Home At 81 Minutes per Day, Mobile App Use Tops Web Browsing

At 81 Minutes per Day, Mobile App Use Tops Web Browsing

According to new statistics from analytics firm Flurry, the average mobile user now spends 9% more time using mobile apps than the Internet. That’s 81 minutes per day for mobile apps versus 74 minutes per day spent surfing the Web (both desktop and mobile).

But mobile apps haven’t always been more popular than the Web, says Flurry. Only last year, these positions were reversed, with users spending 43 minutes on apps versus 64 minutes on the Web.

For First Time, Apps Beat Web (Desktop & Mobile)

This growth in mobile app usage, clocking in at a 91% increase year-over-year, has come primarily from more sessions per user per day, as opposed to growth in average session lengths, says the report.

Time spent on the Web has grown much slower: up 16% over 2010, to reach the current rate of 74 minutes per day.

One of the most popular Web activities is browsing Facebook, Flurry notes. Facebook use accounts for 14 of the 74 minutes per day on the Internet, the company found.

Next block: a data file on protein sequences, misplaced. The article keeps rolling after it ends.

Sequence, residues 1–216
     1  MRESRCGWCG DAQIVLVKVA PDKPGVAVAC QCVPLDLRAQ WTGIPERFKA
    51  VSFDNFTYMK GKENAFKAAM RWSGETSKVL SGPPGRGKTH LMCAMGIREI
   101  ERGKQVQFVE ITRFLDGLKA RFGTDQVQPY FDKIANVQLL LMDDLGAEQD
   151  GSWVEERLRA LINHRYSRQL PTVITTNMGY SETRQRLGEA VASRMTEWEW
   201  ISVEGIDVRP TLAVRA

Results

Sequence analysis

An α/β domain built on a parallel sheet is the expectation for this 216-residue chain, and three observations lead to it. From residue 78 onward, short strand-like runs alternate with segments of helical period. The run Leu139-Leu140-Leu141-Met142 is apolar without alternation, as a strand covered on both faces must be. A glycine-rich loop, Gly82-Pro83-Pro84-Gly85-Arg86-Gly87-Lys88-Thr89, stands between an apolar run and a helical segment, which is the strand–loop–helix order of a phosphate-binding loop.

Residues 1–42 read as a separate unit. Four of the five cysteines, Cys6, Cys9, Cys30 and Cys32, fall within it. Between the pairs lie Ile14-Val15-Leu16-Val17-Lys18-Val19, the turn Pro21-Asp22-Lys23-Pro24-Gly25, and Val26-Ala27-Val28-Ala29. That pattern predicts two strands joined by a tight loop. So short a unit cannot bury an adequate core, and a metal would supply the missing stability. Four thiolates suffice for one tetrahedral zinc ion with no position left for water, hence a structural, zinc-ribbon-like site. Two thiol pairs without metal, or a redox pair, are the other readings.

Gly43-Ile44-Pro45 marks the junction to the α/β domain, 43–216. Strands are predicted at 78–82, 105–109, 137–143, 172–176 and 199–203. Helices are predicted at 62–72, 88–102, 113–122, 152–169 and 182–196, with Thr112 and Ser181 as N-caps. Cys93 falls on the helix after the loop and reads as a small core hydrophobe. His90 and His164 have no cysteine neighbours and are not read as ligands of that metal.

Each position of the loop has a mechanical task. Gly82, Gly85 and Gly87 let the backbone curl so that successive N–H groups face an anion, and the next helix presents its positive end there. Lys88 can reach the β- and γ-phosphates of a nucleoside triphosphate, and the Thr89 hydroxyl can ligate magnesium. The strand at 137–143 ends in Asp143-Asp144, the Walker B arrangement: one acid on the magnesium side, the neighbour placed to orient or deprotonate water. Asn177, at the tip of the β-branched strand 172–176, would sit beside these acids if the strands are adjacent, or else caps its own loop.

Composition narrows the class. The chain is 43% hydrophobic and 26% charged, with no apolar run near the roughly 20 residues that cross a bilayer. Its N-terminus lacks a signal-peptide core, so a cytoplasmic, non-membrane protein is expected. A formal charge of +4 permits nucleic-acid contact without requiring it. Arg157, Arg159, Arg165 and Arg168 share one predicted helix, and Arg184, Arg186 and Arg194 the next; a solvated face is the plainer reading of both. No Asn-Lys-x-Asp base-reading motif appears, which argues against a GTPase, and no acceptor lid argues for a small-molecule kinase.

Most Popular App Categories

In terms of mobile application popularity, games (47%) and social networking (32%) led the pack, rating much higher than news (9%) and entertainment (7%). Everything else was lumped into “Other” (5%). The top two categories, accounting for a combined 79% of users’ time, were also the top categories when rated by session length.

The data for this study came from an analysis of the 85,000 mobile apps using Flurry’s analytics product over the month of May 2011, which included over 500 million usage sessions per day. The Internet data came from the public data from comScore and Alexa.

What’s most remarkable about this paradigm shift, says Flurry’s Charles Newark-French, is how quickly it came about. In less than 3 years, mobile apps, and primarily those on iPhone and Android, now surpass both desktop and mobile Web use.

Update: In response to the Flurry study, Jeff Glueck, CEO of the mobile browser Skyfire, wrote a blog post arguing that Flurry’s conclusions are “cherry-picked: and “do not reflect reality,” according to Skyfire’s PR team. You can read the rebuttal here. Glueck accuses Flurry of playing “quite ‘fast & loose’ with statistics,” and says that while Skyfire respects Flurry’s app tracking platform, it expects better from them on this.

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